Caste ridden and laden with the evils of discrimination and oppression, Kerala society was in dire need of a messiah who could bring men back to their senses. Even fine arts had become the forte of the rich and the learned; the elite Brahmins spoke a Malayalam heavily spiked with Sanskrit and this influenced the music of the dance forms such as Kathakali. This dialect was beyond the understanding of the lower classes that started to feel culturally deprived. At this time, about 200 years ago, emerged Kunjan Nambiyar. An artist par excellence, Nambiyar was extremely well versed in dance, music and poetry. He brought the fine arts into the lives common masses. Art, Nambiyar believed should bring entertainment to the spectator, immaterial of his caste, religion or social status. Also it is the artist's cardinal duty to highlight the social evils and malpractices society indulges in. Only through the mass appeal of art can the injustices and inequalities aced by some be addressed. His thinking and expert skills made way for the new art form Nambiyar propounded, Thullal. Rich in music, rhyme, rhythm ad meter, Thullal is also replete with satirical wit and humor. Nambiyar combined a semi classical dance form with social sarcasm and criticism. But he did use his iron fist within a velvet glove. His humor was explosive and those he targeted, often ended up laughing at themselves. Nambiyar's themes were taken from the ever popular epics, but Nambiyar added his own charm and made these legendary characters more mundane. They were prone to the biases of society and therein he created space for his own brand of ruthless humor. Nambiyar was undiplomatic and relentless in his jest. He could forgive the more ordinary vices of human nature but was quite intolerant of egotism and guile some men showed. He exposed the innermost weakness of the "crafty" and showed that they were as prone to trickery and dogma as the rest. Nambiyar was an extremely knowledgeable musician and his musical plays composed for Thullal show proficiency in classic music ragas and beats (taala). Carnatic ragas such as Bilaahari, Shankaraabharanam, Kaambhoji, Naattakurunji, Mohanam, Aanandabhairavi, Punnagavaraali, and Indolam are used. Often a raagamalika or taalamlika (medley of ragas or taalas) is found in a play. This is used with dramatic effect to heighten the thrill of the scene. Nambiyar weaves together religious mythology and the desires and aspirations of men thereby transporting the spectators o a different world altogether. The language is straightforward Malayalam, the simple diction of the common man. Various classical dace forms and folk have been combined to create an experience enjoyable to the masses. The music is rich in beats and the dancer is accompanied by 2 percussionists- a cymbalist and a maddalam player. The cymbalist repeats the Thullakaran's (dancer's) lines for a dramatic effect.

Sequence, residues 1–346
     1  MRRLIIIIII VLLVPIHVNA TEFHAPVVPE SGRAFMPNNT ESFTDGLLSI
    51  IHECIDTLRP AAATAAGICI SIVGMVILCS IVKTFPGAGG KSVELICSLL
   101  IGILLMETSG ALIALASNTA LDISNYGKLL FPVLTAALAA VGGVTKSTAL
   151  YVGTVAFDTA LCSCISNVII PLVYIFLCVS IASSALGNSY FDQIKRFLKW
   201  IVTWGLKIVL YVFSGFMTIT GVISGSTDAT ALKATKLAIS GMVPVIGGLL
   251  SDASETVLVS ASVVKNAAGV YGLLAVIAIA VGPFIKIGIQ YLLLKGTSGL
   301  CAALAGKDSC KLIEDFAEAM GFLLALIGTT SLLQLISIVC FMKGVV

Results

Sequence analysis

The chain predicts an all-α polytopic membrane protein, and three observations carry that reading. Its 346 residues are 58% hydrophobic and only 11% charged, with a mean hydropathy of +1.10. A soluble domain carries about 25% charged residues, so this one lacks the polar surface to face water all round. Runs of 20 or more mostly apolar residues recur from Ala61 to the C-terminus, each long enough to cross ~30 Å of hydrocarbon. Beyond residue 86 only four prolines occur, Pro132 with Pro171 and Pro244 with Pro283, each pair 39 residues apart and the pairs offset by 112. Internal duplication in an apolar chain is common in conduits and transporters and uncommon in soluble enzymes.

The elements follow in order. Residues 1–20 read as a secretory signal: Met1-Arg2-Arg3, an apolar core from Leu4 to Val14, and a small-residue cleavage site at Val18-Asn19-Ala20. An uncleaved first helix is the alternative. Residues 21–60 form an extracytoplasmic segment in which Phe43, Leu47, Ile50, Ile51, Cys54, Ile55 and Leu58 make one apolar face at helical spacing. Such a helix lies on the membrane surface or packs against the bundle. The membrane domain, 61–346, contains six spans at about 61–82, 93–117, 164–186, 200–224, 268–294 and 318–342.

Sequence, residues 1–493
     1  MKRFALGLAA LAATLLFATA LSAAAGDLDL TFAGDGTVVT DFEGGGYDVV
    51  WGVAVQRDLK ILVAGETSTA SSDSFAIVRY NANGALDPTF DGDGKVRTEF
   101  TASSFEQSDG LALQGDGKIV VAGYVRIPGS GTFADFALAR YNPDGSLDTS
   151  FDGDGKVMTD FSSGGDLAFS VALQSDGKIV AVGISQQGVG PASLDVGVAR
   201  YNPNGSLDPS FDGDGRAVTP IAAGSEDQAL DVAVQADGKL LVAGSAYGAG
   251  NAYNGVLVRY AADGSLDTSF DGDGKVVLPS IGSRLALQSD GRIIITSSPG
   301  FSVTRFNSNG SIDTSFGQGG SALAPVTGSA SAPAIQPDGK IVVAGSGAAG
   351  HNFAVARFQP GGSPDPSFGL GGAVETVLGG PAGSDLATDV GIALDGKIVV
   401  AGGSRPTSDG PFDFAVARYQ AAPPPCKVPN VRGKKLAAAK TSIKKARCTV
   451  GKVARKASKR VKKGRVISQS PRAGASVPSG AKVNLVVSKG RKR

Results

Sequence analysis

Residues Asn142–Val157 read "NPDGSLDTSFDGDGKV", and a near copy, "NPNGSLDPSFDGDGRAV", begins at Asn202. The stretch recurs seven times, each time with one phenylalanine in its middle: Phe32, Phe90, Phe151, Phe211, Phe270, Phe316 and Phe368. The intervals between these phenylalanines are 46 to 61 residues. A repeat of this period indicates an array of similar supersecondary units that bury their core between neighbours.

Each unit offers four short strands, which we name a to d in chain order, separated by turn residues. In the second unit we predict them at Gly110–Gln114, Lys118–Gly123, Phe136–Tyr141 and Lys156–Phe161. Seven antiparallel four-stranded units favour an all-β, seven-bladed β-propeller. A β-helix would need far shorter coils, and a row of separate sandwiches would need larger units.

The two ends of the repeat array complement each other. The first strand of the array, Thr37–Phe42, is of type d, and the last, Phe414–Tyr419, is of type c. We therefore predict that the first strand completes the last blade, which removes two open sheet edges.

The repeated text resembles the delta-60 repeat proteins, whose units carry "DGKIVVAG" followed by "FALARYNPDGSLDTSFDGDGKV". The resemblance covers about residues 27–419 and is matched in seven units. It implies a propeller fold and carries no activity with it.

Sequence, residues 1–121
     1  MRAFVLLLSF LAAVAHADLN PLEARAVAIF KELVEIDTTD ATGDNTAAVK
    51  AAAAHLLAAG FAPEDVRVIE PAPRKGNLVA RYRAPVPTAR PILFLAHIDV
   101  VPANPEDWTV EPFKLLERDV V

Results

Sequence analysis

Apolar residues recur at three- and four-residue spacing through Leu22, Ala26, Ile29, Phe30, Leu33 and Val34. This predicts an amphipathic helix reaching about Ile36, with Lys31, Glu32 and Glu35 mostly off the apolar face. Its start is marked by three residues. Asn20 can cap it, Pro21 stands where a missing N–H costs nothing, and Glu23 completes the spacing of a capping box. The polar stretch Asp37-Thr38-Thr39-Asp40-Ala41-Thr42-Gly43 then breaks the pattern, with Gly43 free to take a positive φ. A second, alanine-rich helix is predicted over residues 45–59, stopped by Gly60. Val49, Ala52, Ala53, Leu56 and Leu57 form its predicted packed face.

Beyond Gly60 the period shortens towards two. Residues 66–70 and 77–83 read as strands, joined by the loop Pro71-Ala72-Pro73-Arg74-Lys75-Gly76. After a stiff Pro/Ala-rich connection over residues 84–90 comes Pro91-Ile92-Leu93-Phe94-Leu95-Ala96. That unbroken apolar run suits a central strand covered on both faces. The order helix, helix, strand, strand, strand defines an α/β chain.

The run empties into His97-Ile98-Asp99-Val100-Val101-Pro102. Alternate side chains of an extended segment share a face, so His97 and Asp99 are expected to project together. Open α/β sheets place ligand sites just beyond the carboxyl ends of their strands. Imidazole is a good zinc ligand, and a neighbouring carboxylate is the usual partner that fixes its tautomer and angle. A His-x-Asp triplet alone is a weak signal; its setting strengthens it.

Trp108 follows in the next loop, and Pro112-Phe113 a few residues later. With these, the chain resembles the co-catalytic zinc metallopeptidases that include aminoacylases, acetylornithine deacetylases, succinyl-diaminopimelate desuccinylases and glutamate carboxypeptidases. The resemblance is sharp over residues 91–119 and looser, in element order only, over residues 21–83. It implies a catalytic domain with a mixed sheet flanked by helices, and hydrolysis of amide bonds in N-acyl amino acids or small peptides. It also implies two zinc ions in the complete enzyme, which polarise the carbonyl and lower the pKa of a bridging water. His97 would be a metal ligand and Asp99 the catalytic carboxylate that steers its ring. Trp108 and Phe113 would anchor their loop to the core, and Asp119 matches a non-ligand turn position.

The Thullal starts with an invocation sung by the cymbalist and the Thullakaran praying salutations to God and his orchestra. The solo artist then does a jig in front of his orchestra (i.e. with his back to the audience). Then he turns and the play starts. The dancer now sings a line and when it is repeated by his percussionist he dances to the tune Extensive use of body postures, hand gestures and facial expressions are used by the dancer to express the meaning of the verses. The performer takes up the role of detached narrator and yet gives an impassioned performance to the same lyrics the very next instant. The dance performance is spangled with pieces of vigorous footwork.
The 3 varieties of Thullal are as follows: